Treating chronic graft-versus-host disease with ruxolitinib in both adult and pediatric patients was found to be safe and effective based on data from 2 separate single-center retrospective analyses whose results were presented during a poster session at the 2020 Transplantation & Cellular Therapy Meetings in Orlando, Florida.
Rushang D. Patel, MD
Treating chronic graft-versus-host disease (cGVHD) with ruxolitinib (Jakafi) in both adult and pediatric patients was found to be safe and effective based on data from 2 separate single-center retrospective analyses whose results were presented during a poster session at the 2020 Transplantation & Cellular Therapy Meetings in Orlando, Florida.1,2
“This is a challenging patient cohort to treat,” Rushang D. Patel, MD, of Advent Health in Orlando, Florida, said during the session. “These patients are emotionally distressed by the fact that they are in remission from leukemia, but they don’t have the quality of life that they were expecting after going through transplantation.”
Whereas acute GVHD and underlying hematologic malignancies threaten overall survival, the concern with cGVHD is centered around the significant impacts on a patient’s daily life. Patel said this can be especially troublesome in certain cases, such as for those who can no longer work long periods in front of a computer because of cGVHD affecting the eyes.
“The only [established] first-line approach is treatment with steroids,” Patel said. In refractory cGVHD, “ruxolitinib provides a good alternative compared to some other forms of therapy, such as photophoresis, because you don’t need to [administer] infusions, it does not cause that many infections, and the amount of monitoring required is not that high.”
Based on an analysis of 143 events in 30 patients with refractory cGVHD treated with ruxolitinib at the Blood and Marrow Transplant Center of Advent Health, there were 53 instances of improvement (37%) with ruxolitinib. Forty-nine percent (n = 70) of events were considered to be stable with only 6 events (4%) worsening with ruxolitinib. Fourteen (10%) new-onset events occurred during therapy.
Patel said that looking at the rates of improved and stable GVHD together, the responses are impressive. “These patients had been progressing on other treatments,” he said. “Had their symptoms for those particular organ systems [that had stabilized or improved with ruxolitinib] gotten worse, it would have been impactful on their quality of life.”
Each involved organ was considered an “event,” with each evaluable patient having ≥2 sites for analysis. Sixteen patients did not experience either worsening of or new-onset cGVHD, with 1 patient having a total of 5 sites of improvement.
Most patients with worsening or new-onset cGVHD in 1 or more organs also had improvement of GVHD in other areas. Two patients who experienced GVHD in the lungs were able to discontinue continuous oxygen use, which was notable given that GVHD to the lungs is considered irreversible.
“There are certain situations where, depending on what organ had worsening or new onset of GVHD, there might be available localized treatments,” Patel said, regarding the utility of ruxolitinib for patients who experience worsening of cGVHD in 1 area, but improvements elsewhere. “If new onset of worsening GVHD was in an organ such as the lung, then you are not going to keep that patient on treatment. However, if there are topical treatments available [to treat worsening symptoms], you can add it to their treatment if ruxolitinib is leading to a response in other areas.”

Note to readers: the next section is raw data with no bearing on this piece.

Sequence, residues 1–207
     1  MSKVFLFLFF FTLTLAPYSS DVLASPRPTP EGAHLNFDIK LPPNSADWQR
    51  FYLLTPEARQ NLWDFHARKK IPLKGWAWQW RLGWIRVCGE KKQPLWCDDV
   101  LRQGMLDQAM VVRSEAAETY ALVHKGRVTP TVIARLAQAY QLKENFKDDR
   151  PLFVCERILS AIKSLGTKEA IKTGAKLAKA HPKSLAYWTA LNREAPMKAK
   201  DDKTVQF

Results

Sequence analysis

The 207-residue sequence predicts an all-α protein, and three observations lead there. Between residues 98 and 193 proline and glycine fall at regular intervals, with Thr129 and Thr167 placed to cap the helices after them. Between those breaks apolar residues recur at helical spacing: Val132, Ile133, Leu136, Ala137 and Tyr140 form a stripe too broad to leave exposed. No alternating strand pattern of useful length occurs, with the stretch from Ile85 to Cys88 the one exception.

Of note, Patel said rates of adverse events were low. “We didn’t observe significant toxicity,” he said. “You mainly have to watch for [cytopenias] and drug interactions.”
Dose reductions were required in a total of 8 patients. Reasons for dose reductions were cytopenias in 6 patients, and 1 each for drug interactions and rectal bleeding. Only 1 patient discontinued treatment permanently.
Twenty-three patients treated in the study were those with acute myeloid leukemia (n = 14) or myelodysplastic syndrome (n = 9); 3 patients had acute lymphoblastic leukemia; and 1 each had chronic myeloid leukemia, chronic myelomonocytic leukemia, Hodgkin lymphoma, and myelofibrosis. Patients either received matched related donor (n = 14) or matched unrelated donor (n = 13), haploidentical (n = 2), or mismatched unrelated donor transplant (n = 1). The source was peripheral blood stem cells in 28 and bone marrow in 1.
Prior GVHD regimens in this group included steroids (87%), sirolimus (63%), tacrolimus (40%), extracorporeal photophoresis (40%), rituximab (Rituxan; 37%), ibrutinib (Imbruvica; 20%), imatinib (20%), mycophenolate mofetil (Myfortic; 7%), cyclosporine (7%), and interleukin-2 (3%).
In a separate retrospective analysis of 15 pediatric and young adult patients treated at Stanford Children’s Health, responses to ruxolitinib as salvage and steroid-sparing treatment were observed in both patients with steroid-refractory acute GVHD and cGVHD.
In the 10 patients with cGVHD, the overall response rate (ORR) was 78%. Of the 9 patients with cGVHD who were evaluable for response, 7 responding patients had a median treatment duration of 264 days (range, 164-490).
Four out of 9 evaluable patients developed ≥1 infection during the treatment period, including cytomegalovirus reactivation, respiratory syncytial virus, influenza, rhino/enterovirus, nonspecific upper respiratory tract infection, norovirus, and bacterial infection. Dose-limiting toxicities in this group were cytopenias (22%). One patient had a severe allergic reaction.
Patients in this cohort had experience with a median of 3 prior agents (range, 2-6) before ruxolitinib use.
With close monitoring of infections and myelosuppression, real-world evidence from these 2 patients cohorts suggest ruxolitinib may be a viable option for treating cGVHD.